Malaysia: Leadership and Moral Codes


Dr Virginia Hooker

The dramatic events in Indonesia have unsettled the region. Details of the riots and student protests in Jakarta were acknowledged but not highlighted by Malaysian television. The change in leadership, however, could hardly pass unnoticed and was given wide coverage by the Malaysian press. This month there is open talk in Malaysia about a change in their own leadership, with attention focussed on the Deputy Prime Minister, Dato Seri Anwar Ibrahim. Many Malaysians regard Indonesia as their 'big brother' thus expressing respect and admiration for their neighbour which fought for and won Independence a decade before Malaya was peacefully granted self-determination from the British. Now their big brother has actively worked for a leadership change and has (for the moment) accepted a younger, Western educated President. The Prime Minister of Malaysia, 73 year old Dato Seri Mahathir Mohamad, has been in office for 17 years after waiting in the wings during the 1970s. He used that time to formulate and publicise his views on the Malays and their handicaps as a race which needed to catch up with a swiftly progressing and changing world. In 1996 his Deputy, Anwar Ibrahim, published his own 'thought' book entitled The Asian Renaissance which sold widely in Malaysia and which was well received overseas. Before being brought into politics, Anwar was the leader of ABIM (the Malaysian Islamic Youth Movement) which he founded in 1971 to lead an Islamic revival in Malaysia. It might therefore be assumed that he is a 'fanatical' Muslim whose policies, were he to assume the leadership, would differ greatly from the 'moderate' stance of Dr Mahathir. This is not the case. In their press statements, both leaders urge Muslims in Malaysia to adopt the values of Islam as a moral code which will enable them to be better parents to their children and more principled citizens of their nation. They also call on Malaysian Muslims to participate fully in the country's plans for industrialisation and realise that progress can be achieved in this world. Anwar hammers the point that 'the middle path' is the one for Southeast Asian Muslims and is the only way to achieve the societal aims of Islam such as 'justice, equitable distribution of wealth, fundamental rights and liberties'. He stresses that proponents of the establishment of an Islamic state are on the margins of mainstream Muslim thinking and that most Muslims 'do not believe it would make one less of a Muslim to promote economic growth, to master the information revolution, and to demand justice for women'. The anti-Chinese riots in Indonesia in May 1998 were a grim reminder to Malaysians of their own anti-Chinese riots of May 1969. Perhaps since then the 'little brother' has paid more attention to race relations than 'big brother' Indonesia. Anwar confronts the issue directly and suggests that the implementation of Islam as a moral code offers the solution. To avoid catastrophe, Muslims and non-Muslims must put moral and ethical considerations ahead of the discontent and alienation that could lead to militancy. Participation and social justice, in Anwar's view, are fundamental in Southeast Asia in the age of the nation-state.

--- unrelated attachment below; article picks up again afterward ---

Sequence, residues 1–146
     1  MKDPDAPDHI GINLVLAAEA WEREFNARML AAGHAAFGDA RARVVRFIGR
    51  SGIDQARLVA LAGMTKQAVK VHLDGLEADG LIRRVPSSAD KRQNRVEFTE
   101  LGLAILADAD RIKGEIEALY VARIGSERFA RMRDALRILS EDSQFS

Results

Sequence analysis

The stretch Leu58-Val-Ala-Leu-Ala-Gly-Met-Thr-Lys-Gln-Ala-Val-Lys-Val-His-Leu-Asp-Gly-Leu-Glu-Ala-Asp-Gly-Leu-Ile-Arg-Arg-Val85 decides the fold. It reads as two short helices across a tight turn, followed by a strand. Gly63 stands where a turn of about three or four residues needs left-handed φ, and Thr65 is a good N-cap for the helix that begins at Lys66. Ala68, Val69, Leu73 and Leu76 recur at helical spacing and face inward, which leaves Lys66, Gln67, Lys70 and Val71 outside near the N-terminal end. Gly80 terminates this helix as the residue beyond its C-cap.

WATCHPOINT: Leadership change, and its analogies with Indonesia, will continue to unsettle Malaysia.


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